Thomas Drummond


Life
1797-1840; b. Edinburgh; commissioned in the Royal Engineers and served with the Ordnance Survey in Ireland; and invented Drommond limelight [or Drummond light], sited atop the Paps of Jura; also improved the heliostat; appt. Under-Secretary for Ireland, 1835-40; saw the Irish Constabulary Act through Parliament, 1836; acted as the mainspring of Irish Railway Commission, 1836; coined the phrase, ‘Property has its duties as well as its rights’ in response to Tipperary magistrates and Irish landlords more generally, with whom he had little sympathy;
 
he appointed stipendiary magistrates and converted the tithes of the Established Church into a fixed rent by the Tithe Commutation Act, 1838; died in office and deemed by admirers to have given his life to Ireland; bur. according to his own wished in ‘the country of his adoption’, on the main walk of Mount St. Jerome [Rathfarnham], under a monument by John Hogan, on which is enscribed his famous dictum. DIH

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Works
J. F. McLennan, Memoir of the Thomas Drummond (Edinburgh 1867); R. Barry O’Brien, Thomas Drummond, Under Secretary in Ireland 1835-1840, Life & Letters (London 1889).

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Criticism
Thomas H. Jordan, Two Thomases: Dublin Castle and the Quality of Life in Victorian Ireland [Social Indicators Research, Vol. 64, Issue 2] (Dordrecht 2003), pp..257 [Drummond and Larcom].

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Commentary
John F. M’Lennon, Thomas Drummond (Edinburgh MDCCCLXVII), includes extensive quotation from Drummond’s memorials on Ireland in preparation for his period of secretaryship, including a note on religion, viz., ‘The primitive Irish Church was Christian but not Roman Catholic.’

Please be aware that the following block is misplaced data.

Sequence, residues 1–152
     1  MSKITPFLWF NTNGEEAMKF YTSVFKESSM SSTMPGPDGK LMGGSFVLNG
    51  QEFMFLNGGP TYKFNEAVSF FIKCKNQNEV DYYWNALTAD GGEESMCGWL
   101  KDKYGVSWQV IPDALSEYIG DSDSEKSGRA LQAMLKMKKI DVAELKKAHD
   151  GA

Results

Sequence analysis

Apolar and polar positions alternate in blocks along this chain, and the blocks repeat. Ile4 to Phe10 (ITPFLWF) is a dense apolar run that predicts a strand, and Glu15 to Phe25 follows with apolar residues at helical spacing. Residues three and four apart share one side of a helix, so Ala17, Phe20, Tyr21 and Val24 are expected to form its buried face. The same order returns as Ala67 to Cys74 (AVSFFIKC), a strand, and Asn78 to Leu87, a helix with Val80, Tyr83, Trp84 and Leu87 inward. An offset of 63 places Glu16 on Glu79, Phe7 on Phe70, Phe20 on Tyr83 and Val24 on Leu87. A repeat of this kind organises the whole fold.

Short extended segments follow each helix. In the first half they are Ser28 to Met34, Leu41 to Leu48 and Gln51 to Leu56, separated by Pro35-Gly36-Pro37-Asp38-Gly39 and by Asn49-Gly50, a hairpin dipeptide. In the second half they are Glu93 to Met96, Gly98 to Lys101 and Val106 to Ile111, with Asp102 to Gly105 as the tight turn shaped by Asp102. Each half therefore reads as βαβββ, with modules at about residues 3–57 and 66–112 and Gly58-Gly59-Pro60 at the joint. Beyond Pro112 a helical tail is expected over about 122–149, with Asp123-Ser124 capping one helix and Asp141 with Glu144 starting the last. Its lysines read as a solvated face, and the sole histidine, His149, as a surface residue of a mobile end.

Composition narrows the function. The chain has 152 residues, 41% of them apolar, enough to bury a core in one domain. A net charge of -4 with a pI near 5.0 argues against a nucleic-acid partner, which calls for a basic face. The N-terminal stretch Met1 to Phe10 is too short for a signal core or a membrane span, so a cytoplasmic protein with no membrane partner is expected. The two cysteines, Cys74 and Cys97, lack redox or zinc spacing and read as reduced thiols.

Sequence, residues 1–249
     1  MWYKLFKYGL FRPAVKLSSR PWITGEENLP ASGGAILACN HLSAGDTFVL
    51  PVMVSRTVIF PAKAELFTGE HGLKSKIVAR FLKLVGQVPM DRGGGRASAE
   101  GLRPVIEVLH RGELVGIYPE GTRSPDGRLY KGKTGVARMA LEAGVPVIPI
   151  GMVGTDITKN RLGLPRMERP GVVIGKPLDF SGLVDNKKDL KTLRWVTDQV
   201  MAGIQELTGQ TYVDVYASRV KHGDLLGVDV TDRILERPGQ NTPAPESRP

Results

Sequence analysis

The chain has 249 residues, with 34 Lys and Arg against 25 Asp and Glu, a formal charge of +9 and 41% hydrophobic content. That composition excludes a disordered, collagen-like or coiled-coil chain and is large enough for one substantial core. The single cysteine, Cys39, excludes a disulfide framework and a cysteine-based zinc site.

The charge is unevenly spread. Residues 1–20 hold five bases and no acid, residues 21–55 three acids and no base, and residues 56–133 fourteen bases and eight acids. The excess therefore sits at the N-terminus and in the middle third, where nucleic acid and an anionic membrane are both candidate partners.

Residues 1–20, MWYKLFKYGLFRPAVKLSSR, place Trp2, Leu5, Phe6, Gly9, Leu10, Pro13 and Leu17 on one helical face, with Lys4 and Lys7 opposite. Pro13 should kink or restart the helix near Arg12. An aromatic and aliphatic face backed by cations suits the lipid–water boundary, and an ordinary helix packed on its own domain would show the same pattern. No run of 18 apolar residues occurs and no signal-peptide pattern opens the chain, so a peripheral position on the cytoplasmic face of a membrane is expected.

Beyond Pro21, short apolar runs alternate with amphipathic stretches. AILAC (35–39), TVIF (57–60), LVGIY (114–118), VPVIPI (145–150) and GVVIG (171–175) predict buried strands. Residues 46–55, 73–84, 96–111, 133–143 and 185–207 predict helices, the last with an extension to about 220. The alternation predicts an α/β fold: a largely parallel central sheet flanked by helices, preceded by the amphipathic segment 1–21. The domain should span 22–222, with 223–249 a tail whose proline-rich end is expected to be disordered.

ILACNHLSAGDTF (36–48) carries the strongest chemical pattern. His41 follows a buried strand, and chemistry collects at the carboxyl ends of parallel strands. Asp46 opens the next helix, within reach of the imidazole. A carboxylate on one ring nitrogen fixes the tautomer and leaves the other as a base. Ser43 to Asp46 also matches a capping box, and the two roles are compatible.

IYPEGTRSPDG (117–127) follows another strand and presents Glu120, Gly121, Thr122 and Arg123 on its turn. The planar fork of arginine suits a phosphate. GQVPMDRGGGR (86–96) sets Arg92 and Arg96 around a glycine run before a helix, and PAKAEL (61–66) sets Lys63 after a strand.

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Quotations
The famous epigram: ‘Property has its duties as well as its rights; to the neglect of thes duties in times past is mainly to be attributed that diseased state of society in which such crimes can take their rise.’ (Dictionary of Irish History, 1979)

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Notes
Echoes: Drummond's famous epigram, “Property has its Duties as well as its Rights”, inscribed on his monument in the City Hall, at Cork Hill, Dublin, is echoed in Liam O’Flaherty, Famine (1937; rep. edn. 1979): ‘A landowner has his duties as well as his rights’ (p.234.)

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Drummond light: Harriet Martineau gives an account of the Drummond light in her Letters from Ireland (1852): ‘Lieutenant Drummond, engaged in the trigonometrical survey of IReland, and desireing to obtain for the base of his trianlge the vast space from this plain [i.e., Magilligan]to the Scotch islands, and knowing that the Paps of Jura are visible in clear weather from the crest of the [Coleraine] rocks [i.e. Downhill], was stimulated to devise the most brilliant light that could be had, to shine from the Scotch to the Irish heights. Hence the invention of the Drummond light, - a benefit which, whether practically great or not, is almost forgotten in comparison with the more heart-moving services which that gallant man afterwards rendered to Ireland at the cost of his life.’ (p.21.)

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